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The story behind Wilkes-Barre's giant coffee cup

Newswatch 16's Melissa Steininger tracked down a woman who has a giant-sized coffee dream.

WILKES-BARRE, Pa. — Thousands of people drive past the unique building on Spring Street in Wilkes-Barre. It's boarded up and long abandoned, just like the dream behind it.

"People go and take their pictures, pose by it. It's like a landmark now," said Peter Torchia, owner of a nearby car wash.

The cup-shaped building has sat empty for nearly two decades.

People have come up with their own theories about what exactly this building was supposed to be.

"Some people will ask about it. Some people thought it was a missile silo at one time," Torchia said.

Even the youngest neighbors have their own ideas.

"It's supposed to be a tea or coffee shop. They would sell tea or coffee here. And It was a real big thing until the owner just decided to leave it. "

Something like that.

"It was a dream I had, kind of like an epiphany that I wanted to have a drive-thru espresso cafe in the shape of the coffee cup," Amie Zurewich said.

Zurewich was the mind behind the building back in 2003 at just 23 years old.

As a business student at Luzerne County Community College, she worked to create an entire business plan, one that she holds on to 20 years later.

"Oh, I put all my eggs in one basket, to tell you the truth."

Zurewich called her business Cup of Heaven, and the actual plan was just as big as the dream itself.

"I want people to experience everything. When they drive up to it, it's steaming out the top. And the smell of the fresh-roasted coffee is being pushed through air curtains out the window, and they can smell it."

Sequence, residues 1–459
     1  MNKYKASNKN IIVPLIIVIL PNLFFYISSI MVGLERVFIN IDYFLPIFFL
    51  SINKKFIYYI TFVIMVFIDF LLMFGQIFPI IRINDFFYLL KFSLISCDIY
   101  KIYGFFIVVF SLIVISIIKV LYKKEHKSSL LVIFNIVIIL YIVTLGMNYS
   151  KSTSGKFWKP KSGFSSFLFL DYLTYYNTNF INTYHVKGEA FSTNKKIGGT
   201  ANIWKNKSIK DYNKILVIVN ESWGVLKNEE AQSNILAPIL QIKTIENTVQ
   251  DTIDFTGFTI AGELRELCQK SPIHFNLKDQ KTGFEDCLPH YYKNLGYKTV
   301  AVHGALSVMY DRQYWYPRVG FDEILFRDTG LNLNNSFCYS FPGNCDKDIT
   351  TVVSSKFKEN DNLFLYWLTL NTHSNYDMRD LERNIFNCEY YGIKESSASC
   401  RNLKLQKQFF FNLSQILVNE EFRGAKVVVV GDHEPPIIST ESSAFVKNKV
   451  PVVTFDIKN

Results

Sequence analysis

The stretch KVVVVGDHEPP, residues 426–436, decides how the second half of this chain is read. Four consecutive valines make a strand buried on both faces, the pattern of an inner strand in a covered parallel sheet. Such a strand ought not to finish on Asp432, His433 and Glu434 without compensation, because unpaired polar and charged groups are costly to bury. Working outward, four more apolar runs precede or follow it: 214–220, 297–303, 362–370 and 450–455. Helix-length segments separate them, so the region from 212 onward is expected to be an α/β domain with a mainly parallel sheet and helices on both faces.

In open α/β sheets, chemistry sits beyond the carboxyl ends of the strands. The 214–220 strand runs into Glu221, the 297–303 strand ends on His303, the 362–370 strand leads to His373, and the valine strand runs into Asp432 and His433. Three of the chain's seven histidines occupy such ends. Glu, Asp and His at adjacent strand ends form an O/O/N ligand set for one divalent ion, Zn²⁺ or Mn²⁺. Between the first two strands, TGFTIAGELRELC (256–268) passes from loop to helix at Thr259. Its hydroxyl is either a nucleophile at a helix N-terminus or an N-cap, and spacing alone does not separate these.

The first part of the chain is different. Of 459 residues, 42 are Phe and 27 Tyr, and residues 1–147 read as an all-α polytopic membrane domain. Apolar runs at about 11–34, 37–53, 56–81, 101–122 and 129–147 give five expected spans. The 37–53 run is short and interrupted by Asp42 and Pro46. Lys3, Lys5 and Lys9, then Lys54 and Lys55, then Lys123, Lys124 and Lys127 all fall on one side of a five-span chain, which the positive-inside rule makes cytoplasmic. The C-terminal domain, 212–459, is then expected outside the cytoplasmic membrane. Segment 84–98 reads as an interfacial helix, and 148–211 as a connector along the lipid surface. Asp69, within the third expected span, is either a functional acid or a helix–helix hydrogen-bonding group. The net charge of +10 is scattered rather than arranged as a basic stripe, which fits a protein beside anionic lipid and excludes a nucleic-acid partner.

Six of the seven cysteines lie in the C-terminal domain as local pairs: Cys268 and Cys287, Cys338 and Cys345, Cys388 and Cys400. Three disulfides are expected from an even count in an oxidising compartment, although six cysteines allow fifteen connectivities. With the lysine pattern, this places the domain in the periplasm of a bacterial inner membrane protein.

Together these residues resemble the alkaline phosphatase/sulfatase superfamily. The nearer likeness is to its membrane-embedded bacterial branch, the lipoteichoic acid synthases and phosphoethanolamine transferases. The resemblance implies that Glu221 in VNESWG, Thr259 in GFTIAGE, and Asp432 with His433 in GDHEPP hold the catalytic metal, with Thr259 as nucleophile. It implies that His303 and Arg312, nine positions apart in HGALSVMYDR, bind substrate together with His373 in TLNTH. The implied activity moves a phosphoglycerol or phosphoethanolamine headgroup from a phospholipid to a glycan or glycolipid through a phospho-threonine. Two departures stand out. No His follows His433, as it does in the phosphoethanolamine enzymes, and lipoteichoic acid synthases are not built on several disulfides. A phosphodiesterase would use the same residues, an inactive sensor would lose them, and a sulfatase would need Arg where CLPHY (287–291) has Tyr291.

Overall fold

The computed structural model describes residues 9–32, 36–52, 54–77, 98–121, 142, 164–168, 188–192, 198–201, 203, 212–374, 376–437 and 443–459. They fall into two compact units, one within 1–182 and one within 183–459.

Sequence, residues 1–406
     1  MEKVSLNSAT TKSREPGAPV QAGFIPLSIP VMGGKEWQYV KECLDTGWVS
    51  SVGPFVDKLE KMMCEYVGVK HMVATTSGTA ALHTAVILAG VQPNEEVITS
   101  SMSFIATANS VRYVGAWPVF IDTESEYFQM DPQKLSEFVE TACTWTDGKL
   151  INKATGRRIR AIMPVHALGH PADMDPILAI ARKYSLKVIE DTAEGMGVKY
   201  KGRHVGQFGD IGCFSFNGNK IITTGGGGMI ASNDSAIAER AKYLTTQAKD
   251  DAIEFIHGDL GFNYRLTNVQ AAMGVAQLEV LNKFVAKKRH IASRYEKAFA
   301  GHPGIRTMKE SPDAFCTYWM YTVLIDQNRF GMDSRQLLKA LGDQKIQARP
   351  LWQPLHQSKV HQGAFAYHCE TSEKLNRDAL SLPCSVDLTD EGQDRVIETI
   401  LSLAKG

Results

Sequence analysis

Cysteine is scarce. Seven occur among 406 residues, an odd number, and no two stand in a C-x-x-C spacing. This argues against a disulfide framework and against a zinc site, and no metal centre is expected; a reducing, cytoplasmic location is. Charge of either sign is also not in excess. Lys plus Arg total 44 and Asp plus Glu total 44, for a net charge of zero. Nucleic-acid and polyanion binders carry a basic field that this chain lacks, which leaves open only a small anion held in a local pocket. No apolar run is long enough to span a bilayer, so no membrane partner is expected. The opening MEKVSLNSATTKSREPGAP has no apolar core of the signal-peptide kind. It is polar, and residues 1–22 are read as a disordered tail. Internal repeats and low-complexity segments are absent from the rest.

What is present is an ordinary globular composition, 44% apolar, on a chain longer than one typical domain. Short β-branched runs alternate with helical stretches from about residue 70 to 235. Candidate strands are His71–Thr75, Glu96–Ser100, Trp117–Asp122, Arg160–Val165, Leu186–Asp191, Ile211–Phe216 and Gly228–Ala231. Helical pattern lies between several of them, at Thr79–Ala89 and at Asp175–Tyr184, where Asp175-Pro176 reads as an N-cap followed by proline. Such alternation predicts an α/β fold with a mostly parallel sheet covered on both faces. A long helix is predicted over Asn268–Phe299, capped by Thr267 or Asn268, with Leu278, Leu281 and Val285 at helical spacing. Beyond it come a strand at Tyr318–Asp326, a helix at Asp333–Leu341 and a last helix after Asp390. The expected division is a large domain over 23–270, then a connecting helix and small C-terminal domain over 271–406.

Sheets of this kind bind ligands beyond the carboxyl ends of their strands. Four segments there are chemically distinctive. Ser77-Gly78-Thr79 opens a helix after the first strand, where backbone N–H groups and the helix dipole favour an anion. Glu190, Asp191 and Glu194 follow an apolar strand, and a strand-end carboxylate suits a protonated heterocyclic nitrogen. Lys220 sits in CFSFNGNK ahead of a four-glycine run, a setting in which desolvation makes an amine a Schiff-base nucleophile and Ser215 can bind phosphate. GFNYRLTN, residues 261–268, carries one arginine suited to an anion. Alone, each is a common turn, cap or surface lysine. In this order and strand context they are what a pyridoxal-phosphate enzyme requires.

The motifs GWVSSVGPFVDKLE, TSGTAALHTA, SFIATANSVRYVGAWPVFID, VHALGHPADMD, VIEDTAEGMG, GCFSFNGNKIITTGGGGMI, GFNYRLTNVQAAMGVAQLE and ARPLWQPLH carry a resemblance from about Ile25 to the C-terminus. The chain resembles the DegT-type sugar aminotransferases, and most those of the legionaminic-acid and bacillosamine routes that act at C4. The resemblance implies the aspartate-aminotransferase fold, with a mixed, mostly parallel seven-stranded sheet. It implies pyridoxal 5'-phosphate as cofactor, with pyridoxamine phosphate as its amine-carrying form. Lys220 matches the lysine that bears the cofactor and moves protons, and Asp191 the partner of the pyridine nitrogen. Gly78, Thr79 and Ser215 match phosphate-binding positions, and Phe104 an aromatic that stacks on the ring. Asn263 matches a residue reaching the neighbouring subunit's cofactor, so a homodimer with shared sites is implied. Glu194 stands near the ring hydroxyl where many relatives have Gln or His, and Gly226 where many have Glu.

In 2005, Zurewich's hopes began to rise as the building on Spring Street in Wilkes-Barre began to take shape.

"Every door was opening, and I felt great, like dreams can come true for poor girls."

But that's where things went horribly wrong.

Zurewich paid a contractor $200,000 to construct a building shaped like a coffee cup. The work got started in 2008 but never got finished.

By the time she found another contractor, the banks had backed out because of the housing crash that same year.

When all was said and done, Zurewich was nearly $500,000 in debt.

"I let it suck me dry so bad," Zurewich said. "Lost my house, my rental property, my foster kids, my house—everything."

Zurewich tried to switch her focus. She started a coffee shop, City Perk, in Pittston. After a couple of years there, she closed that business and moved to North Carolina to start over.

Today, she lives in Bloomsburg, where we talked over—what else? —a cup of coffee.

While it took over a decade for Zurewich to pay off her debt, that dream on Spring Street never faded.

She, like those who pass by, still holds on to hope.

"I drive by often," Zurewich said.

"Hopefully, someone, someday, will make something of it," Torchia said.

"It would be cool if someone bought it. Then my dad would have somewhere to buy coffee that isn't super expensive,"  Robert Thomas said.

An abandoned building and a dream we now know is still very much alive.

"I'm looking again. After the housing crash, it was impossible to find more investors. And after the pandemic, it was really hard. But I'm looking again," Zurewich said.

She's still on a mission to buy back a giant coffee-sized dream.

The property is owned by the business next door, and the owner notes that it is for sale.

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